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The changing year's successive plan
Proclaims mortality to man;

Rough winter's blasts to spring give way,
Spring yields to summer's sov'reign ray;
Then summer sinks in autumn's reign,
And winter chills the world again;
Her losses soon the moon supplies,
But wretched man, when once he lies,
Where Priam and his sons are laid,
Is nought but ashes and a shade.

Who knows if Jove, who counts our score,
Will toss us in a morning more?

What with your friend you nobly share
At least you rescue from your heir.
Not you, Torquatus, boast of Rome,
When Minos once has fix'd your doom,
Or eloquence, or splendid birth,
Or virtue, shall restore to earth.
Hippolytus, unjustly slain,

Diana calls to life in vain;

Nor can the might of Theseus rend

The chains of Hell that hold his friend.

Nov. 1784.

The following Translations, Parodies, and Burlesque Verses, most of them extempore, are taken from Anecdotes of Dr. Johnson, lately published by Mrs. Piozzi.

ANACREON, ODE IX.

LOVELY courier of the sky,

Whence and whither dost thou fly?
Scatt'ring, as thy pinions play,
Liquid fragrance all the way:
Is it business? is it love?
Tell me, tell me, gentle dove.

Soft Anacreon's vows I bear,

Vows to Myrtale the fair;

Grac'd with all that charms the heart,
Blushing nature, smiling art.

Venus, courted by an ode,

On the bard her dove bestow'd:
Vested with a master's right,
Now Anacreon rules my flight;
His the letters that you see,
Weighty charge, consign'd to me:
Think not yet my service hard,
Joyless task without reward;
Smiling at my master's gates,
Freedom my return awaits;
But the lib'ral grant in vain
Tempts me to be wild again.
Can a prudent dove decline
Blissful bondage such as mine?
Over hills and fields to roam,
Fortune's guest without a home;

Under leaves to hide one's head,
Slightly shelter'd, coarsely fed:
Now my better lot bestows
Sweet repast, and soft repose;
Now the gen'rous bowl I sip
As it leaves Anacreon's lip:
Void of care, and free from dread,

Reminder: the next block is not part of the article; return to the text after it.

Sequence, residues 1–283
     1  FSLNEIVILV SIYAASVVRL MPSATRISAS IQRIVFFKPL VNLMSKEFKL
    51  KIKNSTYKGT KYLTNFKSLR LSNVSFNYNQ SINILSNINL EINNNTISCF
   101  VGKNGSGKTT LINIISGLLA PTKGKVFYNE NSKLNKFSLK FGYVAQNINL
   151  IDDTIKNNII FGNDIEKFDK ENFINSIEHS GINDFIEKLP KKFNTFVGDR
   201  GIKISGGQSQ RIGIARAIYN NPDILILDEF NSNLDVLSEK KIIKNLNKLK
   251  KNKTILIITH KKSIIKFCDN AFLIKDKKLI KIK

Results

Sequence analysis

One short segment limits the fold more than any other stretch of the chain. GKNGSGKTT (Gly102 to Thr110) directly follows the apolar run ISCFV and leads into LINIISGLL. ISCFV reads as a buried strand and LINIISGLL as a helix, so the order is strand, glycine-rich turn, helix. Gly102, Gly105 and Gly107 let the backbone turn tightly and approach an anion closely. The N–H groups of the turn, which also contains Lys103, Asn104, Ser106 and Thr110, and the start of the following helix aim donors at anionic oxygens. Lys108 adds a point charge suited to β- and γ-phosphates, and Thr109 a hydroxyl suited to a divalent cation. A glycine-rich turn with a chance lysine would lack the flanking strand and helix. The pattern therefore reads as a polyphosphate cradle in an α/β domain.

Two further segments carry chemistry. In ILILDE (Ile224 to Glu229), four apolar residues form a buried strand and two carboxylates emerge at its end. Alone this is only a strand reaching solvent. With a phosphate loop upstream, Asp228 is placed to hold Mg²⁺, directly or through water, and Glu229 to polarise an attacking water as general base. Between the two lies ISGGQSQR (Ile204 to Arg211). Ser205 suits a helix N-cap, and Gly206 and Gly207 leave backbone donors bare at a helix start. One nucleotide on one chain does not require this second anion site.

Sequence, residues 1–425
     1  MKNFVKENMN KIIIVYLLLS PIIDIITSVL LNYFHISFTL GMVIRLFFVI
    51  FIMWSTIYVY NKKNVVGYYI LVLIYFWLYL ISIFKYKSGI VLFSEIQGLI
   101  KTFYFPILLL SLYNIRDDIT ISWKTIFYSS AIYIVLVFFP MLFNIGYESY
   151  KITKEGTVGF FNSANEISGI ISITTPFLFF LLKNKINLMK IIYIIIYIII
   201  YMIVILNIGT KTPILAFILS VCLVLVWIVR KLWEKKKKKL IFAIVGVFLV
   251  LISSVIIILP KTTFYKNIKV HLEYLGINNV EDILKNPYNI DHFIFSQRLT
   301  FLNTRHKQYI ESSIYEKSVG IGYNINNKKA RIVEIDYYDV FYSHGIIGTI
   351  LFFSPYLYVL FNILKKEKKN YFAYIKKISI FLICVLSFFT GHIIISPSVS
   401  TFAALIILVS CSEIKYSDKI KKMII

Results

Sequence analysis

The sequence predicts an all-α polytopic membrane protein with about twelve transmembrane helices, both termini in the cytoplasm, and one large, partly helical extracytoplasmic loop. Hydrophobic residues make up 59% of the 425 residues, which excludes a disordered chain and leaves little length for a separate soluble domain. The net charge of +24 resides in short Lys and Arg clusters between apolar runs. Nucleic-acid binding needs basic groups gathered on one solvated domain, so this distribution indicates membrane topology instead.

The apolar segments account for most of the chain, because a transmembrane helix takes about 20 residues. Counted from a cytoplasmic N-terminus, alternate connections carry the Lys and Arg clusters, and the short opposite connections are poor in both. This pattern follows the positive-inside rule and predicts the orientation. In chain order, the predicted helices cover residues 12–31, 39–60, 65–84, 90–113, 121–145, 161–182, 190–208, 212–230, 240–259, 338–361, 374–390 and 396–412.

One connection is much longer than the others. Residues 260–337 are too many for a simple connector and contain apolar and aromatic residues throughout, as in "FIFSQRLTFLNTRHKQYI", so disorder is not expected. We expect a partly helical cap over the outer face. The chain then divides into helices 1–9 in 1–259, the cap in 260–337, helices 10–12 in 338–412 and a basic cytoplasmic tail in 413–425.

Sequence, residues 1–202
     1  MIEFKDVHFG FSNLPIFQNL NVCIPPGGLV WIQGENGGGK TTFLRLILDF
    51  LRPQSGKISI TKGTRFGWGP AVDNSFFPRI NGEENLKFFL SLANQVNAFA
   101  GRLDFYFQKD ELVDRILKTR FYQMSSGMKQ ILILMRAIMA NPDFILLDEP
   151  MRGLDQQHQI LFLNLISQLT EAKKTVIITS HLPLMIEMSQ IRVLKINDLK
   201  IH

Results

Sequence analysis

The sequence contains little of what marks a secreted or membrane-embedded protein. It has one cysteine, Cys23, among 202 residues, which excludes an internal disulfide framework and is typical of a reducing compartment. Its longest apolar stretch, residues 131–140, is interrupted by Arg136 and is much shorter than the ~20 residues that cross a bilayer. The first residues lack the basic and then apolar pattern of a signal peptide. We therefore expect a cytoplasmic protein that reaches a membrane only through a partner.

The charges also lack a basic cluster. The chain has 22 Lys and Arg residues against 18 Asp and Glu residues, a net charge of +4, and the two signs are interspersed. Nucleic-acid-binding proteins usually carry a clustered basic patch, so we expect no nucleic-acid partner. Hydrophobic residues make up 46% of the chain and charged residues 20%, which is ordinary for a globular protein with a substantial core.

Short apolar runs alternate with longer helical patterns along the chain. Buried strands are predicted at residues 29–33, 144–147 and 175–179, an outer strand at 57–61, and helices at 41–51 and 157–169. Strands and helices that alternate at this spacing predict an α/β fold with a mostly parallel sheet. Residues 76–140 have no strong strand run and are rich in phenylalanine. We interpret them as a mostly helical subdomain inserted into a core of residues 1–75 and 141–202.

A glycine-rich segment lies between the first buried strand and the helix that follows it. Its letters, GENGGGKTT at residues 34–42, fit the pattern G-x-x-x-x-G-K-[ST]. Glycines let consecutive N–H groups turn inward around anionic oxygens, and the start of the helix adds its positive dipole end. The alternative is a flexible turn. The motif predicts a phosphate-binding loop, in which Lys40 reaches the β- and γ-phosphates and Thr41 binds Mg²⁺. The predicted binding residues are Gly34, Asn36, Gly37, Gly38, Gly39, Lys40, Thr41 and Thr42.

From his fingers snatch his bread;
Then, with luscious plenty gay,
Round his chamber dance and play;
Or from wine, as courage springs,
O'er his face extend my wings;
And when feast and frolic tire,

Drop asleep upon his lyre.
This is all, be quick and go,

More than all thou canst not know;

Let me now my pinions ply,

I have chatter'd like a pye.

LINES

WRITTEN IN RIDICULE OF CERTAIN POEMS PUBLISHED IN 1777.

WHERESOE'ER I turn my view,

All is strange, yet nothing new;

Endless labour all along,

Endless labour to be wrong;

Phrase that time hath flung away,

Uncouth words in disarray,
Trick'd in antique ruff and bonnet,
Ode, and elegy, and sonnet.

PARODY OF A TRANSLATION

FROM THE MEDEA OF EURIPIDES.

ERR shall they not, who resolute explore
Times gloomy backward with judicious eyes;
And, scanning right the practices of yore,
Shall deem our hoar progenitors unwise.

They to the dome where Smoke with curling play
Announc'd the dinner to the regions round,
Summon'd the singer blithe, and harper gay,
And aided wine with dulcet-streaming sound.
The better use of notes, or sweet or shrill,
By quiv'ring string or modulated wind;
Trumpet or lyre-to their harsh bosoms chill
Admission ne'er had sought, or could not find.

Oh! send them to the sullen mansions dun,
Her baleful eyes where Sorrow rolls around;
Where gloom-enamour'd Mischief loves to dwell,
And Murder, all blood-bolter'd, schemes the
wound.

When cates luxuriant pile the spacious dish,
And purple nectar glads the festive hour;
The guest, without a want, without a wish,
Can yield no room to musick's soothing pow'r

VOL. I.

M

TRANSLATION

66

OF THE TWO FIRST STANZAS OF THE SONG

RIO VERDE,

RIO VERDE," PRINTED IN BISHOP PERCY'S RELIQUES OF

ANCIENT ENGLISH POETRY. AN IMPROMPTU.

GLASSY water, glassy water,

Down whose current, clear and strong,
Chiefs confus'd in mutual slaughter,

Moor and Christian, roll along.

IMITATION OF THE STYLE OF ****.

HERMIT hoar, in solemn cell
Wearing out life's evening grey,
Strike thy bosom, sage, and tell
What is bliss, and which the way.

Thus I spoke, and speaking sigh'd,
Scarce repress'd the starting tear,
When the hoary sage reply'd,

Come, my lad, and drink some beer.

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